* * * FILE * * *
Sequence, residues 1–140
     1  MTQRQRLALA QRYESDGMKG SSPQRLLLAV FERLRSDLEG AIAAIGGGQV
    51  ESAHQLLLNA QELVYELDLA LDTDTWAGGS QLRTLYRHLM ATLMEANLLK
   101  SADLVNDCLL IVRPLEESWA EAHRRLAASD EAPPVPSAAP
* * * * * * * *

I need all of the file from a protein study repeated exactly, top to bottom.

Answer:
Sequence, residues 1–140
     1  MTQRQRLALA QRYESDGMKG SSPQRLLLAV FERLRSDLEG AIAAIGGGQV
    51  ESAHQLLLNA QELVYELDLA LDTDTWAGGS QLRTLYRHLM ATLMEANLLK
   101  SADLVNDCLL IVRPLEESWA EAHRRLAASD EAPPVPSAAP